The design of a quality control algorithm for environmental sensor stations

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Thursday, 2 February 2006: 8:45 AM
The design of a quality control algorithm for environmental sensor stations
A412 (Georgia World Congress Center)
Bonnie J. Haskins, Univ. of North Dakota, Grand Forks, ND

Presentation PDF (148.3 kB)

The use of environmental sensor stations (ESS) to monitor atmospheric and road conditions has flourished in the United States over the past thirty years. At present over 2,500 ESS installations exist nationwide. These ESS provide important information to the transportation and surface transportation weather service provider communities in support of roadway maintenance. In recent years the quality of the data from ESS has been called into question, particularly those data associated with monitoring pavement conditions. Unfortunately, while effective techniques exist for performing quality control of the atmospheric sensors of the ESS, no effective operational technique exists for quality control of pavement sensor data.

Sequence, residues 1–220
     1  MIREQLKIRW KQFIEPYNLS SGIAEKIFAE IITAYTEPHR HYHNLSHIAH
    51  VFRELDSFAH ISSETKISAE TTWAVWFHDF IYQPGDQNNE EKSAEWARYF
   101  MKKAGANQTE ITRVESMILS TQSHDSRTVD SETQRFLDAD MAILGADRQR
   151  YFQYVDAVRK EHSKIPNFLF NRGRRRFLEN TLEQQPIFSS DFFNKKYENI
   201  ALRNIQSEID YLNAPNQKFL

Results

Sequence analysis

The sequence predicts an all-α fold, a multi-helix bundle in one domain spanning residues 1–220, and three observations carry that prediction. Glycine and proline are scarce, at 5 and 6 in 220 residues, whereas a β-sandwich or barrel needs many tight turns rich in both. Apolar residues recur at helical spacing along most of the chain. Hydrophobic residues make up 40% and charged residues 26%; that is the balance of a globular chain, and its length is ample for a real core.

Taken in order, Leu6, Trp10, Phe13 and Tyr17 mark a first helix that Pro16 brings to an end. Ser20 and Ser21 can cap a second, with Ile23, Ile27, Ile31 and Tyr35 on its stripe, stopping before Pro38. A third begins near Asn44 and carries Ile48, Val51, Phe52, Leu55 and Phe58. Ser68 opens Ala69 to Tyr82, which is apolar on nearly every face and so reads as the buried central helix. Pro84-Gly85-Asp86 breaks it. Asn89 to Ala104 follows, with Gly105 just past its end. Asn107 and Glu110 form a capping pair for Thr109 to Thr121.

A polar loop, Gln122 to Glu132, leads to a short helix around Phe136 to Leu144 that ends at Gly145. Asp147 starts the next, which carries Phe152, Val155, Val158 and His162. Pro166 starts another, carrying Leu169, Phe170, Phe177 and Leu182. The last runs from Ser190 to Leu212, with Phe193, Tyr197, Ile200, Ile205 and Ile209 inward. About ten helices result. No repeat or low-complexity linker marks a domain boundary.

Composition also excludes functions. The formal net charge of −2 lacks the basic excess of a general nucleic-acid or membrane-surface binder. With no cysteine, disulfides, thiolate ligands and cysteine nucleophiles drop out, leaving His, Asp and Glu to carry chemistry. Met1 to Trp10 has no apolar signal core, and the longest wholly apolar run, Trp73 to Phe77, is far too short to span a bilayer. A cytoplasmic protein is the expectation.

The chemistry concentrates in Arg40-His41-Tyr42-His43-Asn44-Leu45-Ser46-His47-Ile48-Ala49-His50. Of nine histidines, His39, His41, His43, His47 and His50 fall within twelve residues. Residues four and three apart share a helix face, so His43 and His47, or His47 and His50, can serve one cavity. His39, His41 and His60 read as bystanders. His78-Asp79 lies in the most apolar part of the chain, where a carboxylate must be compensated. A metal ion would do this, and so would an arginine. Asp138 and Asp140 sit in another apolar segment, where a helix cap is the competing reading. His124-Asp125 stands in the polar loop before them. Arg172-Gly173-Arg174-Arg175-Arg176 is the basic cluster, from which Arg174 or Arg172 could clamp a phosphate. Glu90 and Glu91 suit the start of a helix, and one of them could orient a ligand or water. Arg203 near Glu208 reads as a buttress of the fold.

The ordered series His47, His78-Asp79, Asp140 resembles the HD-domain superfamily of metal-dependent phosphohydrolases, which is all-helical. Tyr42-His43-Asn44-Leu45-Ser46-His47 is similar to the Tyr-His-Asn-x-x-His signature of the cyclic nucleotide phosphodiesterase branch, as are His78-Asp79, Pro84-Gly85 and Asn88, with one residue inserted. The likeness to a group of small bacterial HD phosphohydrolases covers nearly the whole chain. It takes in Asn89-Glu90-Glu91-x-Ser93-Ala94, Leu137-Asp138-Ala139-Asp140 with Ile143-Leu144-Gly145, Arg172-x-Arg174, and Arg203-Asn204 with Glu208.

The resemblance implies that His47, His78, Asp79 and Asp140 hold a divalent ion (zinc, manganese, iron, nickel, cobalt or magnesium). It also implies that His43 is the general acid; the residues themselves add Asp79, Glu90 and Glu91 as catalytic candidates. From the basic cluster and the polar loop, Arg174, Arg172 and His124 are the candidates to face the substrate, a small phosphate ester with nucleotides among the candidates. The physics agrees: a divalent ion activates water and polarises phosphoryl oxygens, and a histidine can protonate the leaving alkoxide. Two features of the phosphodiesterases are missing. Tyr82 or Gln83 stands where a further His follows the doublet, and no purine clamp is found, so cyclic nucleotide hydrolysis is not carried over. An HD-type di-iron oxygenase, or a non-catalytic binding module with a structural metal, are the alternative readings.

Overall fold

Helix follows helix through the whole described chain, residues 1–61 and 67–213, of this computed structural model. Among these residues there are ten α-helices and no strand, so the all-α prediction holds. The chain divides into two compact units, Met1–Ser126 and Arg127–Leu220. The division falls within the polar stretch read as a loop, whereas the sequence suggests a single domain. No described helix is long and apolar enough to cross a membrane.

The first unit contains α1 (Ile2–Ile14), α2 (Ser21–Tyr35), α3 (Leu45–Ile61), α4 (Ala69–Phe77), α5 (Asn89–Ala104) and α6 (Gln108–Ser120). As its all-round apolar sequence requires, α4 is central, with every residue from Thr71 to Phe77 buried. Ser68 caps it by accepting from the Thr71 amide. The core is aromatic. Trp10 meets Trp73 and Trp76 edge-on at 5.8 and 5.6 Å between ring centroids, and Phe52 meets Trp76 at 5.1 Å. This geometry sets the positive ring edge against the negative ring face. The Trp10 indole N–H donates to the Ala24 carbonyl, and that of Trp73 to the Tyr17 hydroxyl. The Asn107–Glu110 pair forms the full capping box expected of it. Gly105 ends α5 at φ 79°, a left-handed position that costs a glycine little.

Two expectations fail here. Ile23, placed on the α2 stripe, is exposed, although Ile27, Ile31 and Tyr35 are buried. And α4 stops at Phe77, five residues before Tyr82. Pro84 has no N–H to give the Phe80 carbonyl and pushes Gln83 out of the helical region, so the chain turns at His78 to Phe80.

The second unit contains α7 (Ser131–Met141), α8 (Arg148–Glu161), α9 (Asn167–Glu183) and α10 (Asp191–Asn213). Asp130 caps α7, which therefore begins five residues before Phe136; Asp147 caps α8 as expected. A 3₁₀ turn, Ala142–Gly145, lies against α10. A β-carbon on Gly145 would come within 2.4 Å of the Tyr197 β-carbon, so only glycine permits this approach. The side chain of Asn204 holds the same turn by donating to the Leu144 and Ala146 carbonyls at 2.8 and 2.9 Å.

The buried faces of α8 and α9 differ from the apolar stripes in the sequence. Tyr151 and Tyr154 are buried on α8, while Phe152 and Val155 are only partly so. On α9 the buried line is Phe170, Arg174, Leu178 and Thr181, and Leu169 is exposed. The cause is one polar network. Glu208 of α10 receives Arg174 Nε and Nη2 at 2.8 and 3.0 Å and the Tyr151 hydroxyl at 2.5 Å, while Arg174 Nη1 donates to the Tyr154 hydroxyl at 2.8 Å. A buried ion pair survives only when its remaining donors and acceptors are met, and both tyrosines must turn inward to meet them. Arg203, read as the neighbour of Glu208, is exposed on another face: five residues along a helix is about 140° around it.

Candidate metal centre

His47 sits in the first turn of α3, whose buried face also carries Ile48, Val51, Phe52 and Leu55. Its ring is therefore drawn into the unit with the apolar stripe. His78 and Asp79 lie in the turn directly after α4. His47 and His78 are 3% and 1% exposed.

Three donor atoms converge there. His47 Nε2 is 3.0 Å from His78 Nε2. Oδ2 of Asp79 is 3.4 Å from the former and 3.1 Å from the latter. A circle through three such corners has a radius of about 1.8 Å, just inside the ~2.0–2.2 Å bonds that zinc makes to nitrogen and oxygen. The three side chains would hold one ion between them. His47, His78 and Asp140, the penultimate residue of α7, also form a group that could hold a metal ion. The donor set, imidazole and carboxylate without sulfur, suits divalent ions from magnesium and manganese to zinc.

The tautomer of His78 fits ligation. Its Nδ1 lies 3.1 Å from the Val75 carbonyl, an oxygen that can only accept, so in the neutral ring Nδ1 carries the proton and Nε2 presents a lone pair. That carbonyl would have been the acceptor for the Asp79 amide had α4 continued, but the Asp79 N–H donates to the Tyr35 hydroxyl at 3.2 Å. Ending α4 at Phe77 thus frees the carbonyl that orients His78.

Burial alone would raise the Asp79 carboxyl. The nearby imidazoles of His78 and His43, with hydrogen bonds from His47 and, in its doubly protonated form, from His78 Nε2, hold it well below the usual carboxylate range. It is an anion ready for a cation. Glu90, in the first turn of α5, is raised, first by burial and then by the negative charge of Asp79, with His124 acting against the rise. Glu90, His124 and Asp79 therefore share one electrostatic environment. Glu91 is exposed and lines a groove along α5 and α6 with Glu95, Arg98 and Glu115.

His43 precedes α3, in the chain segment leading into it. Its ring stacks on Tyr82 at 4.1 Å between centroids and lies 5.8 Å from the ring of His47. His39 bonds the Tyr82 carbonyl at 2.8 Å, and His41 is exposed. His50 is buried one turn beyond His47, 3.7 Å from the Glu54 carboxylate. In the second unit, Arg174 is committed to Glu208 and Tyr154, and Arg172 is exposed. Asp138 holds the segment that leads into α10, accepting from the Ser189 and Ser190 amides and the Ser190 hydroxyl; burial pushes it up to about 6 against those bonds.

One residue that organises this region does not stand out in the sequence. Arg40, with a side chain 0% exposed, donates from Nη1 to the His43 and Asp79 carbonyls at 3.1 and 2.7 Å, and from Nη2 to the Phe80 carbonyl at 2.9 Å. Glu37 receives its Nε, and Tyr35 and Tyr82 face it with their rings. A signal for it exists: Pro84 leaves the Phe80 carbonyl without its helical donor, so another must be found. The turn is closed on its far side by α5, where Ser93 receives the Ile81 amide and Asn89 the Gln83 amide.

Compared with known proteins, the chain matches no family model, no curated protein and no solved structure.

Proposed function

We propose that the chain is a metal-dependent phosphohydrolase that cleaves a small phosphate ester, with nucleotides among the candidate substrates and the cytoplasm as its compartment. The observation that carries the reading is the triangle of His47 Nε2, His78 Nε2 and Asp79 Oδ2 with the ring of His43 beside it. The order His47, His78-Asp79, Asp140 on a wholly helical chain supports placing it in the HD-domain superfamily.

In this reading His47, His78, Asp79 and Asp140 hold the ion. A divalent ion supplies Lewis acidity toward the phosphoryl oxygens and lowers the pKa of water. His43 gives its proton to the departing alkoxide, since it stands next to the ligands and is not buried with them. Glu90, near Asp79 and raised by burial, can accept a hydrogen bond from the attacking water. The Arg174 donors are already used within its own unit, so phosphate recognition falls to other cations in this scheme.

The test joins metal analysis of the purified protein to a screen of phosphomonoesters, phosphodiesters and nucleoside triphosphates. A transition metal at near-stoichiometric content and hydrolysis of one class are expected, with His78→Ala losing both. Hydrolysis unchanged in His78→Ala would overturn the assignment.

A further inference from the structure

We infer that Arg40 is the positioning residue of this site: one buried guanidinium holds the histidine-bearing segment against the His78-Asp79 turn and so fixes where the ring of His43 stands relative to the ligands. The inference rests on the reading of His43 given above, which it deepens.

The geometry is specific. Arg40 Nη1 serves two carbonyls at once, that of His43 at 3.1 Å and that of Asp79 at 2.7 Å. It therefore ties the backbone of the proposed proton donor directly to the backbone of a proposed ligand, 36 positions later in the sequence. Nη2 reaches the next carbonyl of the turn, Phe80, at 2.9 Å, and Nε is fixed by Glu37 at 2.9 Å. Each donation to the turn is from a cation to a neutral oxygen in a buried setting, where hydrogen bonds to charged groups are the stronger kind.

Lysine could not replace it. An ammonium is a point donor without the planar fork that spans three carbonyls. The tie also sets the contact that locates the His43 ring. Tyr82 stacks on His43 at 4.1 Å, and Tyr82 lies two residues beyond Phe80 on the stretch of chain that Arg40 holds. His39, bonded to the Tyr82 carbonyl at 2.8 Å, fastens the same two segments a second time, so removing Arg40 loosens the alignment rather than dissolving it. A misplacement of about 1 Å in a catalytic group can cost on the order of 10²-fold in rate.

The paper describes research underway at the University of North Dakota to advance solutions for effective operational quality control techniques of ESS pavement sensor data. The paper provides a compilation of known quality control techniques and extrapolates theoretical best fit techniques for pavement sensors. These methods include but are not limited to techniques involving Bayesian methods, a complex quality control method developed by Gandin, and variational methods of quality control. The preliminary results of the comparison of these techniques for data collect at a dedicated road weather field research facility are presented. This research facility was established in 2004 by the University of North Dakota Surface Transportation Weather Research Center to support university road weather research. The site includes numerous meteorological instruments as well as sensors for monitoring road and roadway environment conditions. The instrumentation includes temperature, relative humidity and wind probes at 2-, 5-, 10-, and 15-meters, multiple precision precipitation measurement systems, an array of ultra-sonic snow depth sensors, and various pavement and sub-pavement sensors. The pavement sensors perform measurements of temperature, freeze point determination, and condition (dry, wet, etc) of the road surface.